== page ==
Amuri Morris, a sophomore at Virginia Commonwealth University majoring in Studio Art, received a $2,000 Fine Art Scholarship from the Frederic Whitaker and Eileen Monaghan Whitaker Foundation. She is from Richmond, Virginia.
In her student statement that accompanied her application she explained what inspires her.
When I first faced homelessness I envisioned that my self-worth placed me above my financial circumstances and that I wore a cloak of distinction. However, my cloak corroded and became more slender with every new location I bounced from and every missed dinner. My family had never been wealthy but the fire that destroyed my family home and left me homeless in middle school was adversity I was not prepared to face.
My life rapidly began to deteriorate. My grades in school dropped, I was emotionally disconnected from my friends, and I found no solace with my family. I morphed into a paranoid person, imagining that everyone I interacted with rubbed their nose in sympathetic horror at my odor; or that the giggling classmates in the hall were laughing at the fact that I’d worn this outfit for the third time this week. The thing that saved me and stopped my downward spiral was art.
For me, the paintbrush in my hand allowed the boundary between reality and the imaginary to fade away. I began to see myself outside my circumstances and art became my vehicle for my individual journey of exploration and discovery. As I devoted myself to my art and my art class, my world seemed to improve. I won a gold portfolio in the Scholastics Art and Writing Competition, graduated high school with a 4.2 weighted GPA, and was able to get a job in high school to help end my family’s homelessness.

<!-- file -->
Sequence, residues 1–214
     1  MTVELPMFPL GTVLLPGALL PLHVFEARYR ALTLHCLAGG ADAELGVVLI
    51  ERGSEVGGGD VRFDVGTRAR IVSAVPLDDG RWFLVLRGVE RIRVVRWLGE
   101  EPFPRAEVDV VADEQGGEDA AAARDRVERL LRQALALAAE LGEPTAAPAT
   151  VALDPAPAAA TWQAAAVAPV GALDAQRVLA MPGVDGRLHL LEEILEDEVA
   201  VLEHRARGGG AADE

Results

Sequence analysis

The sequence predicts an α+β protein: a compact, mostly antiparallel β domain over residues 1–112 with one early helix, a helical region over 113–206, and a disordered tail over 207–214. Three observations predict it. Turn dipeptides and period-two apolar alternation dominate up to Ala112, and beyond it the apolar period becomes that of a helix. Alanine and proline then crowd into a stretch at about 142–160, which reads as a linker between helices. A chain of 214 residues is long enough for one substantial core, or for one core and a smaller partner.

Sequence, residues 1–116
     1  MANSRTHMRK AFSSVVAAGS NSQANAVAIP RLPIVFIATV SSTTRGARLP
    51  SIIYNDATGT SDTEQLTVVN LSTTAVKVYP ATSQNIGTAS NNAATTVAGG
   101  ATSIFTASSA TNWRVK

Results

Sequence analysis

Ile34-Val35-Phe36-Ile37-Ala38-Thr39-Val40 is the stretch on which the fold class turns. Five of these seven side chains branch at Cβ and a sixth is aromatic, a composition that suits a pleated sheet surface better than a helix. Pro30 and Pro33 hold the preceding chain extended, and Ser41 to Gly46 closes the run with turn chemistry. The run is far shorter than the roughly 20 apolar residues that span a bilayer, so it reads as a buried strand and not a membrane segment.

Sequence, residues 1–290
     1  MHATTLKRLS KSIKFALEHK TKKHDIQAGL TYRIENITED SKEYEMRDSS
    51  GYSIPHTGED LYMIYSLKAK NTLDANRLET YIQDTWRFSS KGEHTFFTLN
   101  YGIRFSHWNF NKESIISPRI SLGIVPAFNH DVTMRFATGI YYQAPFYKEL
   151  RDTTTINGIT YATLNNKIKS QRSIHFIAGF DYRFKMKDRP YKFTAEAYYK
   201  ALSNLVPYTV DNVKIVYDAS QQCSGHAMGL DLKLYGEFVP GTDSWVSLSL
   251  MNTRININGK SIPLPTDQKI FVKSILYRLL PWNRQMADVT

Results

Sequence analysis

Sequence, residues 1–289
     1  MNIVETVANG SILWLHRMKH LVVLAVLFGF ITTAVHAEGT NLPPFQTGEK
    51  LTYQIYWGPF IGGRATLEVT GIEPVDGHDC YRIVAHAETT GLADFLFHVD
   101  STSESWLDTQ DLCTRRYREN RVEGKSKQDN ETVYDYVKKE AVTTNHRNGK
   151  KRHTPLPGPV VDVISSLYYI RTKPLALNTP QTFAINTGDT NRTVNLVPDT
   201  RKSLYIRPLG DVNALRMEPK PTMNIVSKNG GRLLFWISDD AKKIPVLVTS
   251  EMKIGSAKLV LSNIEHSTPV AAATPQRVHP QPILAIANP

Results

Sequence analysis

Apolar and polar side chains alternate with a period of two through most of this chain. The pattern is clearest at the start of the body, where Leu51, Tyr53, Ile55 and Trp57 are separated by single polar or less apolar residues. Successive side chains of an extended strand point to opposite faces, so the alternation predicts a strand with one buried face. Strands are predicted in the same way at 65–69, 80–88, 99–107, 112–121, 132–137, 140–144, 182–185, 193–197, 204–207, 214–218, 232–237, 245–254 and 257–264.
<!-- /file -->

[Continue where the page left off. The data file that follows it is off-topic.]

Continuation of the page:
With art, I crafted my own world and turned my visions to reality. I see it as simultaneously the ultimate form of escapism and the strongest tool I have to shape my own reality. This experience changed my plans for the future because it secured my desire to become an art teacher (to ensure that students can have the same creative opportunities I did). I believe that the deprioritization of creativity in the classroom in favor of rehashed lesson plans stunts the development of a visionary lens and establishes limits for students, thus the line between reality and the imaginary becomes clearly defined.
Helen Keller once said, “The only thing worse than being blind is having sight but no vision.”
Here “sight” can be identical to the grace of an education and “visions” are the creative thoughts that such an education should stir. Therefore, my drive to enter my field is to ensure that future generations are presented with an appropriate level of artistic nurturing to maximize their potential. In school, I want to continue to learn how to effectively translate my artistic ideas and learn how to foster children’s’ artistic capacity.